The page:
Venezuela is the country with the greatest reserves of petroleum in the world (20 percent of the world reserves; the U.S. holds 2 percent). Access to oil in the Middle East led to a blood pact with the most dictatorial country in the region, Saudi Arabia, and the destruction of Iraq, Syria and Libya in North Africa; the next victim could well be Iran. In addition, Middle East oil is closer to China than the U.S, while Venezuelan oil is on the door step.
Access to natural resources varies from one country to another, but the strategic objective has always been the same. In Chile, a bloody dictatorship evolved. More recently in Brazil, the access to immense mineral resources, the Amazon and the pre-salt*** has involved the transformation of another Washington favorite,, Sergio Moro, from unknown trial judge to national and international notoriety through privileged access to data which allowed him to be the justice of the Brazilian extreme left and to open the way for the election of an admitted apologist of dictators and torture who would be willing to sell the country’s riches on the cheap and form a government to which the pro-American favorite of Brazil’s future would belong.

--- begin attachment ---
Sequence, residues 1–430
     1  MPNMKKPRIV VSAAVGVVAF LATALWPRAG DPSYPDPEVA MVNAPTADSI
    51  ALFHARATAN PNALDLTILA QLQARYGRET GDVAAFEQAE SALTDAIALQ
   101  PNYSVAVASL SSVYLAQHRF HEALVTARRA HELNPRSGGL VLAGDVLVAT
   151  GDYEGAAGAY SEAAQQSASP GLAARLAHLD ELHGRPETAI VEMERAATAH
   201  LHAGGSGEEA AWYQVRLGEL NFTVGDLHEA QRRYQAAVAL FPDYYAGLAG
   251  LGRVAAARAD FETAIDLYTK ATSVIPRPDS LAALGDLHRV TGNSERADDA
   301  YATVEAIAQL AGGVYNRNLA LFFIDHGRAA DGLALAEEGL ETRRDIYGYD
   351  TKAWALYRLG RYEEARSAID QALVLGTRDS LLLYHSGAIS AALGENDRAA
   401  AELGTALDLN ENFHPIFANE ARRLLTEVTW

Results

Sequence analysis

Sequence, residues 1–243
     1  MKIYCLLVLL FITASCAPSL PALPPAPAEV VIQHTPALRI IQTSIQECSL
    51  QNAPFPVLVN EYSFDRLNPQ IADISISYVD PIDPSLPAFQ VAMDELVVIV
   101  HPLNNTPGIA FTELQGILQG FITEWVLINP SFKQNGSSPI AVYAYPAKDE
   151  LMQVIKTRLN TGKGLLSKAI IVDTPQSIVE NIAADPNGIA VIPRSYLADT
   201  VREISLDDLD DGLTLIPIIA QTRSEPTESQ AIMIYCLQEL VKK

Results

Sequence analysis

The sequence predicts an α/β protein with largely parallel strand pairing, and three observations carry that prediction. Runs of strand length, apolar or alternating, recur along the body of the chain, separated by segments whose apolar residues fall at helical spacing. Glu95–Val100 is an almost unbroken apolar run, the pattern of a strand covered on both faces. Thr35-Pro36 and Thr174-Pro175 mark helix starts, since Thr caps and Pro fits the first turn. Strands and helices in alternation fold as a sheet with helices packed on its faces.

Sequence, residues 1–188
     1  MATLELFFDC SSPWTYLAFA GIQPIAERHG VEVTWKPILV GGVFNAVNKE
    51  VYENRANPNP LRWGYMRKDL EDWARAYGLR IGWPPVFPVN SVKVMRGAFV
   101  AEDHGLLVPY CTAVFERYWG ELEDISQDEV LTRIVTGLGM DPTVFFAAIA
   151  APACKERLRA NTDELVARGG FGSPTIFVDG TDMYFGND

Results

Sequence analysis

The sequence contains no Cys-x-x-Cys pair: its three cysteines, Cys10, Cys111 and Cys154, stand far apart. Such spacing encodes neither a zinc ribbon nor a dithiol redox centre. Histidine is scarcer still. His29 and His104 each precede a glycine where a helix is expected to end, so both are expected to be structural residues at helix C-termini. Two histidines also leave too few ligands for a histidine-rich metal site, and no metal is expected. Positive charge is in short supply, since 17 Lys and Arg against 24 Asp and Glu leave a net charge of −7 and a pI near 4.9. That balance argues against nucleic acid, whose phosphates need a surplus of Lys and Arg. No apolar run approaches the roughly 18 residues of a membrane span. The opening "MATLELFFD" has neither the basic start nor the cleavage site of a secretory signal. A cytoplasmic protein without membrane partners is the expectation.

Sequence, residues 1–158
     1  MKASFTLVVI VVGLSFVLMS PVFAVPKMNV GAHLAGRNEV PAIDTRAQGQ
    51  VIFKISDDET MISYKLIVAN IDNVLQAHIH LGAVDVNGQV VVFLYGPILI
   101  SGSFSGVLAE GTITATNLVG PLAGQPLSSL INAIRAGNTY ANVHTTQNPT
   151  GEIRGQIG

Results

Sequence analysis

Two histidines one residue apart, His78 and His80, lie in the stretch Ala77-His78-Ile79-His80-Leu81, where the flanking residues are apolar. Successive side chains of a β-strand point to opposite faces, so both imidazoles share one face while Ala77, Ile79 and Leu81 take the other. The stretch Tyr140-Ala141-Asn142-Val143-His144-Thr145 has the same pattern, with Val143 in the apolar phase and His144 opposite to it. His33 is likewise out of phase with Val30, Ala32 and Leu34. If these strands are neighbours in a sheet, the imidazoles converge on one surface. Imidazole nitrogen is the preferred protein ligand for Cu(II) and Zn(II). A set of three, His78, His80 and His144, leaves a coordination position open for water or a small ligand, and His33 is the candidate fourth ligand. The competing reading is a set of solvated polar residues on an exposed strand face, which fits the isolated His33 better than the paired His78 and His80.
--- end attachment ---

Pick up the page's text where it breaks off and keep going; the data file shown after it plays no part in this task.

However, the perplexity of many democratic Venezuelans is particularly pertinent for Europe, notably because in the past, Europe was active in the negotiations between the government and the opposition. Europe knew that many of these negotiations failed under pressure from the U.S. So the question here is: You, too, Europe? It is aware that if Europe had been genuinely concerned with democracy, it would have cut off diplomatic relations with Saudi Arabia some time ago. And if Europe had been concerned about the massive death of innocent civilians, it would have long ago stopped selling arms to Saudi Arabia, arms with which that country is carrying out genocide in Yemen. But perhaps Europe hoped that its historical responsibilities to its former colonies would justify some restraint. Why this complete alignment with a policy which measures its success by the level of destruction of countries and lives?